seattle-met.jpg

Seattle Met: Top 100 Washington Wines

Rated #6 of 710 wines... "Drink this if you can find it... this is one of the state's most limited wines... all of the exuberance of Washington's 2012 vintage with floral notes, orange peel, gravel, and blue fruit, showing exceptional polish and hyperextended finish."
—Sean Sullivan

Nanoproducer and Rocks District upstart Delmas show all of the exuberance of Washington's 2012 vintage with floral notes, orange peel, gravel, and blue fruit, showing exceptional polish and hyperextended finish.

Drink this if you can find it.

With a mere 60-case production, this is one of the state's most limited wines.—Sean Sullivan

 

THE RIDDLE OF THE ROCKS

"This corner of the Walla Walla Valley is poised to he one of the most important wine regions in the world. great news...for Oregon.

In the mid 1990s, vigneron Christophe Baron planted a vine-yard in a cobblestone-strewn field in the Walla Walla Valley, reminded of the puddingstones of Chi-teauneuf-du-Pape. Baron's wines at Cayuse Vineyards quickly rated  among the most coveted in the country, evidenced by a years-long waiting list. Their stratospheric scores helped establish Washington as premier winegrowing country.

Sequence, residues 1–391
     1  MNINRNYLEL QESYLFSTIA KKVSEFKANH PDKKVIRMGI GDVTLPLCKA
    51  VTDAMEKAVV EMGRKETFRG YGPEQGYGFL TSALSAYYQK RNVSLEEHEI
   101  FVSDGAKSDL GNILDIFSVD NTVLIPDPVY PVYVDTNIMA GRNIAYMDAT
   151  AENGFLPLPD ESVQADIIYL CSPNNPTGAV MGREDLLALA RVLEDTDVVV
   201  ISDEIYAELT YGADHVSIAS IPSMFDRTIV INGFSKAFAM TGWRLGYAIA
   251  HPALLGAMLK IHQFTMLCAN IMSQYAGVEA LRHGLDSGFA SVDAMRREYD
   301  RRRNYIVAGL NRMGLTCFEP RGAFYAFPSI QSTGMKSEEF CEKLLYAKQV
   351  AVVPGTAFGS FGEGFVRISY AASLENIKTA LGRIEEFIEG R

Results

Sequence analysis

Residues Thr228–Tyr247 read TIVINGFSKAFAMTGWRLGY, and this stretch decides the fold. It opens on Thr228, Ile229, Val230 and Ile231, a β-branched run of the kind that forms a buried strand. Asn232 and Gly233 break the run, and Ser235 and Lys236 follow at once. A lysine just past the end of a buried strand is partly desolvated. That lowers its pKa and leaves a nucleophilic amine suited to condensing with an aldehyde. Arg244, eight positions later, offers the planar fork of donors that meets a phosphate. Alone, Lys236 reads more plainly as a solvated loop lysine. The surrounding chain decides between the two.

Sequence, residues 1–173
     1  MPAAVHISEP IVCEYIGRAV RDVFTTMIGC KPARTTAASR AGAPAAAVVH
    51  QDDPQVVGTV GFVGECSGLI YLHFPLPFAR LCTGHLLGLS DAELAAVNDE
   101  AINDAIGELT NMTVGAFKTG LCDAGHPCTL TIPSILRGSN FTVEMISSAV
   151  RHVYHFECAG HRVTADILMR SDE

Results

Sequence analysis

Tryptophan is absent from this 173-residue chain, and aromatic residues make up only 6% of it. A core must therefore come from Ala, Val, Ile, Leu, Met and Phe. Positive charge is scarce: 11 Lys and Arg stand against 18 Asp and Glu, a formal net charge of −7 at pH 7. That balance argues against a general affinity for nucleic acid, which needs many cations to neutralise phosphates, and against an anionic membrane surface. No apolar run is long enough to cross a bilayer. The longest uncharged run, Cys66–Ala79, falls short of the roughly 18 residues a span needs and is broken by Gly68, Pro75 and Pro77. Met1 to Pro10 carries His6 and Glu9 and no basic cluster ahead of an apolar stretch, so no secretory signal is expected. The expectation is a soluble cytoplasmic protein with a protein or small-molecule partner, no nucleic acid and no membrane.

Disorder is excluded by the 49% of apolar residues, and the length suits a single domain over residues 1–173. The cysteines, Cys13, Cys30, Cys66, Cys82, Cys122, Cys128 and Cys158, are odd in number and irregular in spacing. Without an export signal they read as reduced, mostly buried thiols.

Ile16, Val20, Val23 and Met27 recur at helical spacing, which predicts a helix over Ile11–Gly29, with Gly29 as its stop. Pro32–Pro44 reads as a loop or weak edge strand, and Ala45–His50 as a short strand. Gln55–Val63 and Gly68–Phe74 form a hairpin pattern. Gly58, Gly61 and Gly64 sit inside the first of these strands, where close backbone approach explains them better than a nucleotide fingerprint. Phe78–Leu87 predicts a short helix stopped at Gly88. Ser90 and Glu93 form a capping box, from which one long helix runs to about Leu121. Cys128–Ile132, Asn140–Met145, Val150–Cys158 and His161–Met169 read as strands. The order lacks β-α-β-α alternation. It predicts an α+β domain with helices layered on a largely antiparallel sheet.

Later this year, if all goes as planned, this 5.9-square-mile pocket will become the Walla Walla Valley's first subappella-tion, bearing the lengthy name of the Rocks District of Milton-Freewater. To say this area will become one of the most important wine regions in the country would be an understatement; it will surely be one of the most important wine regions in the world.

Wines from the Rocks District are unmistakable—those outrageous aro-matics and earthy, savory, mineral-laden flavors could come from nowhere else.

This potential new subappellation—an area within a federally approved wine-growing region called out by name on a label—gets its name from its unique soils, composed of fist-size, basalt cob-blestones deposited in ancient channels of the Walla Walla River. So even more recognition for those distinctive Rocks District wines would surely burnish Washington's reputation, right? Not exactly. Though wines from the Walla Walla Valley are generally associated with Washington, every single cobble-stone of the Rocks District lies on the Oregon side of the Walla Walla Valley.

By federal law, wines could only dis-play "The Rocks District" on the label if they're almost entirely made in Oregon, a considerable complication for Washington-based wineries. The grow-ers and wineries that support the appli-cation hope the government will grant some type of exception.

At the very least, Washington must now share a piece of what has histori-cally been an important part of its wine identity. But one of the world's finest wine regions will receive the recognition it rightfully deserves. Cheers to that."

—Sean Sullivan